So, what did we expect from The Vaccines follow up record? Well, if previous form is anything to go by, probably another platinum selling, Brit award nominated album that will garner the mixed blessing that is positive endorsement from the NME. Is that what has been produced with their second effort, Come Of Age?
Well, in most parts, no. The NME, in true NME tradition will probably still love it, or at least say they do, just because they usually play it safe like that. But for the rest of us, who actually listen to albums with a level head, this release comes as a major disappointment. There’s just nothing to it; no real stand out tracks, but nothing offensive either, just a very obvious lack of oomph. Unlike Holden Caulfield, whose coming of age took him through a fascinating journey of self-realisation, The Vaccines’ coming of age has stripped them of any of their, apparently short lived, youthful abandon. However, it should be mentioned that the album is fairly classily produced, and that, in keeping with the style of their debut, the tracks all sound ostensibly ‘good’.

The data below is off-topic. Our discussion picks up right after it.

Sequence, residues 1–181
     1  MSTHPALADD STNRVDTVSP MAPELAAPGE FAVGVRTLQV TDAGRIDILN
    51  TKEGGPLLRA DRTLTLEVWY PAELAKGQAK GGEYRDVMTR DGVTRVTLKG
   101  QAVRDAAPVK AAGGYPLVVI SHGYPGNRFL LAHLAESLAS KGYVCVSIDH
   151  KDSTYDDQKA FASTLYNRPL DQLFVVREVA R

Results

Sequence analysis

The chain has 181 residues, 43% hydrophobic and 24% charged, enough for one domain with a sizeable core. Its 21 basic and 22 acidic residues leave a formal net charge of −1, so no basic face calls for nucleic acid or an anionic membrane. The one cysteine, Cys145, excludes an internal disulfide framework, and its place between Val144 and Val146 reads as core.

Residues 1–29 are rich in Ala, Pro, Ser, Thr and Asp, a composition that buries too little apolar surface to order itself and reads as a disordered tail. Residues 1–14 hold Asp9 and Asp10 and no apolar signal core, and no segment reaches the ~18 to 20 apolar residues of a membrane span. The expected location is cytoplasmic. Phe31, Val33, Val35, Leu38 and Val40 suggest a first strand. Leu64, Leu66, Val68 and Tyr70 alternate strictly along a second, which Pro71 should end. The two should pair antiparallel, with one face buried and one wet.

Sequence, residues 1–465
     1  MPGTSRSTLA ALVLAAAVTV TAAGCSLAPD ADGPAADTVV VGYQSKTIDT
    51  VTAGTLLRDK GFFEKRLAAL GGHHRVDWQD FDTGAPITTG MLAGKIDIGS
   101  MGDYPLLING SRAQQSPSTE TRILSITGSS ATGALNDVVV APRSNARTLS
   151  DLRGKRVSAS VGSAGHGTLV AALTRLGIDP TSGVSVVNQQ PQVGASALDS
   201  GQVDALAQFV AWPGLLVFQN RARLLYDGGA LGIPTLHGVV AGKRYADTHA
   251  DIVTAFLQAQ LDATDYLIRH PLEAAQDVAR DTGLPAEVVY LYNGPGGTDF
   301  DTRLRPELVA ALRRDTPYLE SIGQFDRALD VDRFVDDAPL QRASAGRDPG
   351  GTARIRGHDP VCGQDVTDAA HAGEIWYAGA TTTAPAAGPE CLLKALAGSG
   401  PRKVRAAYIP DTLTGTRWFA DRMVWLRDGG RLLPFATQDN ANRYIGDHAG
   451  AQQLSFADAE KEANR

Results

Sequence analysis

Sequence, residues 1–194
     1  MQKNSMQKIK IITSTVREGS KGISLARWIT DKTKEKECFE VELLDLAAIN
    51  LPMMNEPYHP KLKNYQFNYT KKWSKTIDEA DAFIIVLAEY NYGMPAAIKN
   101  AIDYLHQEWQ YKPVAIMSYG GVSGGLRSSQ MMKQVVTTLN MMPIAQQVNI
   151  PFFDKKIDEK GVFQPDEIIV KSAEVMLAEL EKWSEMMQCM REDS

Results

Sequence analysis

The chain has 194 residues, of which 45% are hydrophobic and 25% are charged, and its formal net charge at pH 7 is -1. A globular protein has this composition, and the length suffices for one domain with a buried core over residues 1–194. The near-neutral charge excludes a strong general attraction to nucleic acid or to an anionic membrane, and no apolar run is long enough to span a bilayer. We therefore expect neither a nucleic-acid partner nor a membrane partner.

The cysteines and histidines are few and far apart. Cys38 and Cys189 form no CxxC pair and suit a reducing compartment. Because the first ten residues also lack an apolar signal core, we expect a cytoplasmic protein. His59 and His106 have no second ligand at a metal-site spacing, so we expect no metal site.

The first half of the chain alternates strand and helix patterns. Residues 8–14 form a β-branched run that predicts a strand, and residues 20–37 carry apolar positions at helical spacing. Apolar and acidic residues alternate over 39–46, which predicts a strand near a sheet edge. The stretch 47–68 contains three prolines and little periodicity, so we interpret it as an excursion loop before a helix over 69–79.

But the plaudits are held back as the band fail to offer anywhere near as much excitement as they did last year; they have neither progressed, nor managed to reproduce the quality of tracks that were on What Did You Expect From The Vaccines? It’s all a crying shame really, because Maddie Russell’s brilliant article on their recent stripped back EP, Please Please Do Not Disturb, suggested greater things were to come. That said, she also wrote that their acoustic efforts were “Unrecognisable as The Vaccines. In a good way.” And that probably says a great deal more than I could in far fewer words.
By Alex Throssell
Dance Yrself Clean